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Arthroscopy. 2010 Feb;26(2):202-13. doi: 10.1016/j.arthro.2009.07.014. Epub 2010 Jan 12.

Anatomic double-bundle anterior cruciate ligament reconstruction: kinematics and knee flexion angle-graft tension relation.

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Clarkstown Orthopedics, West Nyack, New York 10994, USA.



The purpose of this study was to compare the bundle tension curves and resultant knee kinematics between 2 tensioning protocols in anatomic double-bundle anterior cruciate ligament (ACL) reconstruction.


Anatomic double-bundle ACL reconstruction was performed in 7 male cadaveric knees. Each graft was tensioned to 22 N under 2 conditions: (1) both bundles tensioned at 20 degrees of knee flexion (20/20 protocol) or (2) posterolateral (PL) bundle tensioned at 15 degrees and anteromedial (AM) bundle at 45 degrees (45/15 protocol). Knee kinematics were recorded in response to anterior and combined rotatory loads in the intact, ACL-deficient, and reconstructed states. Bundle tension was recorded dynamically with knee motion and during each loading test.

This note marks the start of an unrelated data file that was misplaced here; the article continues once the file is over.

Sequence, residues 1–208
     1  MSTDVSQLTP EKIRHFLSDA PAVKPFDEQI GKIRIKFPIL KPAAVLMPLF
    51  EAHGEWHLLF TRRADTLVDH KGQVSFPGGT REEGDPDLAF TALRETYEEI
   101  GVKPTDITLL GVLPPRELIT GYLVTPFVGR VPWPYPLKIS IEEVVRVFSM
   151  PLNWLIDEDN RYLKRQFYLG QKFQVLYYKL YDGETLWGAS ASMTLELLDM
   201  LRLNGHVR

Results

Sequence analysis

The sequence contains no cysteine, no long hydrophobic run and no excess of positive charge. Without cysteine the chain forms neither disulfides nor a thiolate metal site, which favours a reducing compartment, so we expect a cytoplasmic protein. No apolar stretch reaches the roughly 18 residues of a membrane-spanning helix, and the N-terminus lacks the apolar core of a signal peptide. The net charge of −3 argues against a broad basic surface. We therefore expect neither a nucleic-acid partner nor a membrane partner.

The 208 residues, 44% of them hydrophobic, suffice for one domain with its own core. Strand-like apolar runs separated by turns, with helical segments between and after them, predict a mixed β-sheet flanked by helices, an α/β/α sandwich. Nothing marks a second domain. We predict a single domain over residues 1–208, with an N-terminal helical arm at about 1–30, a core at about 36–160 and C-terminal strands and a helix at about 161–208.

Tensioning both bundles at 20 degrees of knee flexion resulted in a reciprocal bundle tension pattern that was not statistically different; the PL bundle tension was greater than the AM bundle tension in full extension, and the AM bundle tension was greater than the PL bundle tension from 25 degrees to 120 degrees. In the second tensioning protocol, the AM bundle tension was significantly greater than the PL bundle tension at all flexion angles. Both tensioning protocols restored normal knee kinematics.


Bundle-tensioning protocol is a variable that has a significant effect on the bundle-loading patterns in double-bundle ACL reconstruction. The 20/20 protocol resulted in AM and PL bundle-loading patterns that were equivalent during dynamic testing, whereas the 45/15 protocol led to excessive tension in the AM bundle in full extension. We recommend equal tensioning of both bundles with the knee at 20 degrees of flexion to restore relatively normal tension curves in each bundle and to avoid excessive stress on the AM bundle.


In double-bundle ACL reconstruction, there is no consensus regarding bundle-tensioning protocols. This study provides data on the individual bundle tension curves that result from 2 commonly used tensioning protocols. These data will assist clinicians as the technique and application of double-bundle ACL reconstruction move forward.

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